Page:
“Avoid dairy, and if you must consume it, chose full fat and organic.” Actually, dairy consumed in moderation is not harmful to most people. We say “most” as some are more sensitive and even small amounts of dairy can cause inflammation, weight-loss stalls, and lower your ketones. We also feel the same about organic dairy as we do meat and produce. If it is within your budget there are benefits, but not choosing organic will not keep you from getting and staying in ketosis or reaping the benefits of the ketogenic lifestyle.

“Chose naturally raised, pastured animals and wild sustainably caught seafood was another guideline that feels a little too restrictive.” If it is within your budget, we encourage you to buy organic and local. But, not doing so will not affect your level of ketosis or diminish the benefits you can experience from following a healthy ketogenic diet. “Eating nose to tail and fermented foods” also plays into this same idea. While there are many benefits of organ meat, bone broths, and pickled foods some cannot get over the idea of consuming them. Not having them in your diet isn’t setting you up for failure… you just need to make sure you are getting those micronutrients elsewhere.

The last guideline was intermittent fasting. While fasting can be very beneficial for some, it is not safe for all. Those with certain pre-existing medical conditions may not be able to safely fast or may need to do so under medical supervision. And while a 16/8 (fast for 16 hours and feed during an 8 hour window) is one of the more popular intermittent fasting schedules, it is worth noting there are other options and sex, age, metabolism, and pre-existing medical conditions can have an effect on what works best for you personally.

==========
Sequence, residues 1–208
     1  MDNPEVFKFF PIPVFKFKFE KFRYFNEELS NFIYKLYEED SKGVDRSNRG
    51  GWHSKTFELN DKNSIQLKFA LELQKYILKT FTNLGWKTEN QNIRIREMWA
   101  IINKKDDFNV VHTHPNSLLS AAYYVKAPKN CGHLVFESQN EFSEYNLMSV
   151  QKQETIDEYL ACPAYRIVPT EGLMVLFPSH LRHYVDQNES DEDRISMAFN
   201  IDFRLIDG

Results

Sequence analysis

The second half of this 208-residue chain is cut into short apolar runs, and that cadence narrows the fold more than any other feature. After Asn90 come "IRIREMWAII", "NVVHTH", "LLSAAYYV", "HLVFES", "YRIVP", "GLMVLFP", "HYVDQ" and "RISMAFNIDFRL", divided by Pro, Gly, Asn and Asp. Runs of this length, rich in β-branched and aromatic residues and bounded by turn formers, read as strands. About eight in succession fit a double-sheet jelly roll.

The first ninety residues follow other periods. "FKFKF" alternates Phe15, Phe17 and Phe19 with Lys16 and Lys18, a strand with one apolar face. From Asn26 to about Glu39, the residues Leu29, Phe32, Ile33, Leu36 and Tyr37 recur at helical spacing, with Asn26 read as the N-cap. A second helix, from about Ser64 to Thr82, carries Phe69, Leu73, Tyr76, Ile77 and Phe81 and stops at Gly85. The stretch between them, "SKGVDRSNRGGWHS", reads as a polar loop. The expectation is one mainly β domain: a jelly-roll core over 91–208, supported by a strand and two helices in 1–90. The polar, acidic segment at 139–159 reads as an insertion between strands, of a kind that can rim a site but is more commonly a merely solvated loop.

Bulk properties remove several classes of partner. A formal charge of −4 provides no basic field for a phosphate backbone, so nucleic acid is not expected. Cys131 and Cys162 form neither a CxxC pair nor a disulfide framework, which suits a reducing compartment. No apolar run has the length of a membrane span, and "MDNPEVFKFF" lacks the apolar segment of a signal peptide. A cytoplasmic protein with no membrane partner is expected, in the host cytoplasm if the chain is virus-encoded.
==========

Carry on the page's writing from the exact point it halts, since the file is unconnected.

While we don’t mind the anecdotal accounts, we wish there was more science provided in this documentary. If you are trying to educate the masses and know that what you are saying contradicts generations of advice, from not only the government but healthcare organizations, then you need to provide some substantial peer-reviewed scientific research to support your standing. And believe us, there is an abundance of this research available. Although the documentary raises the professional misconduct/negligence trial of Dr. Tim Noakes (who was cleared of all charges after a trial where he presented thousands of pages worth of research to support the ketogenic diet and his recommendations of its use), we would have loved to see more of his research presented in the film, along with other reputable scientists and doctors. Even the investigative journalist Nina Teicholz made an appearance in the movie and spoke briefly about a few of the concepts she researched more in depth in her book “The Big Fat Surprise”. Again, we would have loved to hear more from her as well as the research she cites to support her statements.